New Omni Tower Goes Before Landmarks Commission (images)

The Historic Landmarks Commission has offered Design Advice on the New Omni Building, a proposed mixed tower in Old Town / Chinatown. The 15 story building by Ankrom Moisan Architects for Palindrome Communities would include 138 residential units, over ground floor retail and below grade parking. The project would be required to comply with the city’s inclusionary housing policies, with affordable housing units provided on-site or nearby, or a fee in lieu paid.

New OMNI

The project site is a little over a quarter block, in the New Chinatown/Japantown Historic District. Most of the site is used as surface parking, adjacent to a 1954 building considered “non-contributing” to the historic district. The southernmost portion of the site is occupied by the 1941 Harper Brass Works Co Building, designed by architect Richard Martin, Jr. The building, which is considered “contributing” to the district, was most recently used by the Omni Gallery.

New OMNI

New OMNI

At 170′ tall, the tower would be significantly taller than any of the contributing structures in the historic district, though of a similar height to the Pacific Tower, which was built in 2000. Under the current zoning code the maximum height allowed on the site is 425′. Revisions proposed as part of Central City 2035, likely to come into effect next year, would reduce the maximum allowable height on the site to 125′.

New OMNI

New OMNI

New OMNI

New OMNI

New OMNI

New OMNI

The Design Advice hearing was held on June 26th. A memo to the Landmarks Commission outlined areas for discussion, including the demolition of a historic resource; the height and massing of the tower; the character and design of the project; and the proposed streetscape and urban character. Much of the discussion focused on the height of the building, with a majority of the Commission members present expressing the opinion that 15 stories is too tall for the district. The Commission expressed some flexibility over the demolition of the historic building, noting that it may be approvable if the street facing facade is retained and the new building is sufficiently set back where it is located over the existing building.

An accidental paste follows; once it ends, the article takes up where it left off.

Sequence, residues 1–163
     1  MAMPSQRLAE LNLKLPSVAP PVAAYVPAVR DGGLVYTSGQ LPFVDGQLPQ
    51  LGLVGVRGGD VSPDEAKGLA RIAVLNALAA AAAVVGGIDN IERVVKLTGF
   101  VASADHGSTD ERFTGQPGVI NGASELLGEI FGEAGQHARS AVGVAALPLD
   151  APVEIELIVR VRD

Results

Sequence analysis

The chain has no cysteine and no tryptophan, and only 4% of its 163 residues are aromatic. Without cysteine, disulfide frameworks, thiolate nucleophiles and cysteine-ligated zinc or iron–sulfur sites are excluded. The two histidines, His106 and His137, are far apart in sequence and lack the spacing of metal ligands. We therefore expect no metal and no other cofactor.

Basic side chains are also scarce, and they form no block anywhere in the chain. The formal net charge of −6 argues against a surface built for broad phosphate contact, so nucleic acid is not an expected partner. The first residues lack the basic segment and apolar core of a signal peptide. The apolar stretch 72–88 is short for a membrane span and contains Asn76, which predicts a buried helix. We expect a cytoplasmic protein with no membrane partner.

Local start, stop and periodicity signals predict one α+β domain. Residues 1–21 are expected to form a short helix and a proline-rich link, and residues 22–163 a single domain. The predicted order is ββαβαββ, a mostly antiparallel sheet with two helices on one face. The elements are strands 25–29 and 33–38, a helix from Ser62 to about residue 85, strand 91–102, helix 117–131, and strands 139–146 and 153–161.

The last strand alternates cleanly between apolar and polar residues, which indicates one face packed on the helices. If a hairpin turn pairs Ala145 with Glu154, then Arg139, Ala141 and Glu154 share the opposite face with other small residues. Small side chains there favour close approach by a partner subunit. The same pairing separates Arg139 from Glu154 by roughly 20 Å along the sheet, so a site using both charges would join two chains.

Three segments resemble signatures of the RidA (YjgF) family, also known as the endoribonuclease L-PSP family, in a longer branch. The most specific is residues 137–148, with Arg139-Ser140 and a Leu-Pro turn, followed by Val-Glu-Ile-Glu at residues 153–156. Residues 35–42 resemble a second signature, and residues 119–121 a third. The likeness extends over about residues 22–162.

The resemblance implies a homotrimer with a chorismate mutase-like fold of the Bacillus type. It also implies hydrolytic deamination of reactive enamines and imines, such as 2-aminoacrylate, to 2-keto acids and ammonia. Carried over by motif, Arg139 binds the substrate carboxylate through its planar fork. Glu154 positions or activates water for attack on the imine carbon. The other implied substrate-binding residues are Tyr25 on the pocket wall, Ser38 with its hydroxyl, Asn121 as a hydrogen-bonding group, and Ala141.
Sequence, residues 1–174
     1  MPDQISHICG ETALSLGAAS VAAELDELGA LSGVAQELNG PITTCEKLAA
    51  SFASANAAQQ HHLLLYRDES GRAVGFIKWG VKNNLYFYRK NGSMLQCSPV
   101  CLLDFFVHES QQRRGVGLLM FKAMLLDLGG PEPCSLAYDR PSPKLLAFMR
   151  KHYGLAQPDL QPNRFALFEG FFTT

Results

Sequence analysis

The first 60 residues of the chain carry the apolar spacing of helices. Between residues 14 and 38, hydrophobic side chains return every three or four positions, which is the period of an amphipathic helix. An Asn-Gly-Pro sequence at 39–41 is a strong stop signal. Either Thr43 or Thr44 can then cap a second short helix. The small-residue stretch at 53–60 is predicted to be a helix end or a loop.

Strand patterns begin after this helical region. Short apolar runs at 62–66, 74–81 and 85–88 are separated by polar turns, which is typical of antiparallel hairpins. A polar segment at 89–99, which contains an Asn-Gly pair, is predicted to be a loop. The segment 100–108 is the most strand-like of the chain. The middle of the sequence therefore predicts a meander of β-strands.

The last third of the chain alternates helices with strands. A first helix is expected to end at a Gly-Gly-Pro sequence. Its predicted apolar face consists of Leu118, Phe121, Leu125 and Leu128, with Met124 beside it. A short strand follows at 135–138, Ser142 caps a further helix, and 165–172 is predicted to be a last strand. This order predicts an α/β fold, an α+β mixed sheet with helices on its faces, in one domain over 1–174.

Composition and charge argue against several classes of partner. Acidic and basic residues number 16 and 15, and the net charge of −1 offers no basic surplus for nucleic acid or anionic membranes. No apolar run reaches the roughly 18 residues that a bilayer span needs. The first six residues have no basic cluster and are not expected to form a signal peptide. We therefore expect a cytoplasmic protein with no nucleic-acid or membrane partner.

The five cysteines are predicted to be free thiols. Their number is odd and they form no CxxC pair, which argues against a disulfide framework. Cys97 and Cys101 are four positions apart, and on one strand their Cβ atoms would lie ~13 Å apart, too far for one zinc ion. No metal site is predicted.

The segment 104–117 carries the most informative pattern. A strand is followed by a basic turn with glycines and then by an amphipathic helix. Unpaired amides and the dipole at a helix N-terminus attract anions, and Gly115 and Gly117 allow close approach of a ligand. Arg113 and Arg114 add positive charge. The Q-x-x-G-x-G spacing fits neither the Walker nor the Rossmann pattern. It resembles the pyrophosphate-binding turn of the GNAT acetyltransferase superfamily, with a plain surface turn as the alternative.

In order to gain approval the New Omni will be required to go through a Type III Historic Resource Review, with public hearings before the Landmarks Commission. The demolition of the historic building would require City Council approval, through a Type IV demolition review.

Drawings

4 thoughts on “New Omni Tower Goes Before Landmarks Commission (images)

  1. The limits and allowances on height and bulk contained in city zoning, are important policy decisions adopted by the elected City Council, made within the context (and constraints) of state land use laws and policies and regional goals and plans. The Design Commission should not have the authority to overturn these considered policy judgments. This pattern of making ad hoc judgments about what is the proper height and bulk of a building based on the aesthetic opinions of design commissioners is also inconsistent with one of the important principles and practices in Oregon planning, which is the reliance on clear and objective standards for housing. Clear and objective standards for height and bulk provide consistency and fairness for everyone – developers, neighbors and persons in need of housing.

    • I should have referred to the Landmarks Commission not the Design Commission, but I have exactly the same concerns about some of the decisions of the Design Commission.

  2. That location would be great to have a new Residential tower there. Chinatown needs people to help support the neighborhood. Also the jobs that will be created and having 200+ people living in the area would be nice. More business’s would open shops there I believe and the offices that were built there or were Recently remodeled would attract newer commercial tenants. I on the other hand do not understand why this project should have an issue with height, as it is Zoned for 425 feet. But also lowering it to 125 feet does not make sense that is a 30 story difference, it would be nice to have more people downtown then in the suburbs.
    What would be nice to see is some new condo projects in the city, maybe in this area.
    Last thing and maybe someone could explain or direct me towards what the rules are as far as Developers to give so many units to the city or build those units in the current structure??

    Thank you for your time. Josh-Robert Stevenson

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